Key moments from Trump's comments to reporters

The president answered questions on two occasions Thursday.

ByABC News
August 10, 2017, 5:39 PM

— -- President Donald Trump took questions from reporters on two occasions Thursday, taking the opportunity at his second briefing to again warn North Korea about its threats against the United States and to express disappointment in Senate Majority Leader Mitch McConnell's failure to pass a health care bill before the August recess.

Here's a look at the highlights from Trump's second series of responses to reporters at his golf club in Bedminster, New Jersey:


"I'd like to de-nuke the world," said Trump, the same afternoon in which he claimed his prior threat to bring "fire and fury" upon North Korea "wasn't tough enough."

The president said that until such a day, the U.S. "will be most powerful nuclear power by far" with the "biggest, finest" nuclear arsenal.

"Nobody is going to be threatening us with anything," said Trump.

    Trump thanks Vladimir Putin

    Trump thanked the Russian president for expelling hundreds of U.S. diplomatic employees from Russia, appearing to suggest it will save the U.S. money.

    “As far as I'm concerned I'm very thankful that he let go of a large number of people because now we have a smaller payroll,” Trump said. It was unclear whether he was joking.

    Putin's move was in response to new sanctions against Russia, among other countries, signed into law by Trump earlier this month.


    A decision on whether to send additional members of the military to Afghanistan is "getting close," according to Trump, who characterized the situation in that country as "a mess."

    "It's a very big decision for me," said Trump. "I took over a mess and we're going to make it a lot less messy."

    Transgender service members

    Following up on a series of tweets two weeks ago in which he wrote that "the United States Government will not accept or allow ... transgender individuals to serve in any capacity in the U.S. Military," Trump expressed his belief that he would be "doing the military a great favor" by instituting such a ban.

    The president said he believed he was "doing a lot of people a favor by coming out and just saying it," with reference to his proposed rule and revealed that "the military was working on it."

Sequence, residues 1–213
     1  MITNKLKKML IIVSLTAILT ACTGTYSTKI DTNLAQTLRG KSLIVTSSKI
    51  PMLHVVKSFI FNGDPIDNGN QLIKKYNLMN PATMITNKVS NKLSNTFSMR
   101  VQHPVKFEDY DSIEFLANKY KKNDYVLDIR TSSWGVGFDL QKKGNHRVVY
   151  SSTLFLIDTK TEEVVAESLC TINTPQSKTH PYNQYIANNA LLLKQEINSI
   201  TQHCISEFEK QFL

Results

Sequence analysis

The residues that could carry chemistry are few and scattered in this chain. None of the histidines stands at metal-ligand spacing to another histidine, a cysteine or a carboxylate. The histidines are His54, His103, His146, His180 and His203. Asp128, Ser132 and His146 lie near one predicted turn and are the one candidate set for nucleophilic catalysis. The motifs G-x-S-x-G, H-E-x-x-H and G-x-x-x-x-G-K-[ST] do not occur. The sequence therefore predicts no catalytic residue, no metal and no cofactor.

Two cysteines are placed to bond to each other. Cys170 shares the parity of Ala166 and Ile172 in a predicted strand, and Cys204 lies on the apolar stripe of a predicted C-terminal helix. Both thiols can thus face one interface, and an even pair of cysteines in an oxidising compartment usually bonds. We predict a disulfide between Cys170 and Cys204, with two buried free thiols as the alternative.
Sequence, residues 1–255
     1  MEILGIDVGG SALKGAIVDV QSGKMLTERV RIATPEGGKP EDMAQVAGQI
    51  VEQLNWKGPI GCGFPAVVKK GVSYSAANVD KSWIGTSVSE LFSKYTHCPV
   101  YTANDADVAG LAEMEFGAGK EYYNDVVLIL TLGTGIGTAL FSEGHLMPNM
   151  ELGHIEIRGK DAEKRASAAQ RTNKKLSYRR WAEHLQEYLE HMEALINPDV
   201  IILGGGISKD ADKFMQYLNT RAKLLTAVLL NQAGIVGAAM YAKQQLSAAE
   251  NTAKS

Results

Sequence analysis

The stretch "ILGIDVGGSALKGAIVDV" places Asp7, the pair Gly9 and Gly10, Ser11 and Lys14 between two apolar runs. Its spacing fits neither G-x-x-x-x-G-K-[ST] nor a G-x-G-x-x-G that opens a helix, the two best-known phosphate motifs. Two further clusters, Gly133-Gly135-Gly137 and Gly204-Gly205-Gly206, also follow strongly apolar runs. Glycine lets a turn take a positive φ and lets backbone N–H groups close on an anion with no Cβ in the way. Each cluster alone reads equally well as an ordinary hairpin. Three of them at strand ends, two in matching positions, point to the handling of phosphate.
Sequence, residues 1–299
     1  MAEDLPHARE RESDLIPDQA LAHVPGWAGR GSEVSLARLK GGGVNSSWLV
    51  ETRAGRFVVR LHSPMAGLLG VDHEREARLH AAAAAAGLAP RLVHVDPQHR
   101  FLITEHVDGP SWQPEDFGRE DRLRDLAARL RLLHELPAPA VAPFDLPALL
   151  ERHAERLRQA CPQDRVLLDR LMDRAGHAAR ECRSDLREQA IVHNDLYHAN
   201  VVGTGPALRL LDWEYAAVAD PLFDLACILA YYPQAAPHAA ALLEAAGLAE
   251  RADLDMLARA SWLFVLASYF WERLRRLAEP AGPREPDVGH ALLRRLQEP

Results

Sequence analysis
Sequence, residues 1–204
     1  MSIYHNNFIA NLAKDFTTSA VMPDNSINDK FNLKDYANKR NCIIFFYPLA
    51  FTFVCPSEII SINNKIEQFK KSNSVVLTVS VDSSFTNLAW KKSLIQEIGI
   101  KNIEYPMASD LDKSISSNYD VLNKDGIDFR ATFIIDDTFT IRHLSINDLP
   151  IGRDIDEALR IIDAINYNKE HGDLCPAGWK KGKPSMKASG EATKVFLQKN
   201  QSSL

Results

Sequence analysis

Paul Manafort

    Trump said he was "surprised" to learn of the pre-dawn FBI search of his former campaign chairman Paul Manafort's Virginia home in July.

    "I thought it was a very, very strong signal," said Trump, elaborating that he believed such an act to be rare. He further noted that he hadn't spoken to Manafort "in a long time," but that he always found him "to be a very decent man."

    The president also said that he had not spoken to new FBI Director Christopher Wray about the search warrant.

    Special counsel Robert Mueller

    The president's vocal displeasure with the investigation led by special counsel Robert Mueller will not result in Mueller's firing, he said.

    "I'm not dismissing anybody," revealed Trump, who expressed interest in the findings of similar inquiries on Russian election interference being led by committees in the House and Senate.

    Trump also responded to a USA Today report that said he has had contact with Mueller since the investigation started, signalling his cooperation, but that "no notes" were being passed.

    Senate Majority Leader Mitch McConnell

    Trump elaborated on his previous comments about McConnell and a series of tweets in which he seemed to criticize the senate majority leader's efforts on health care, including one earlier Thursday in which he told the senator to "get back to work."

    "I'm very disappointed in Mitch," said Trump. "But if he gets [health care, tax reform and an infrastructure bill] passed, I'll be very happy with him. I'll be the first to admit it."

    "[The repeal and replace of Obamacare] should have been on my desk the first week or the first day I was there," continued Trump. "I've been hearing about it for seven years."

    Other than to say she was doing a "very good job" and that he was "very proud" of her, the president provided no additional comment when asked if McConnell's wife, Secretary of Transportation Elaine Chao could mediate the apparent tensions.

    ABC News' Katherine Faulders contributed to this report.

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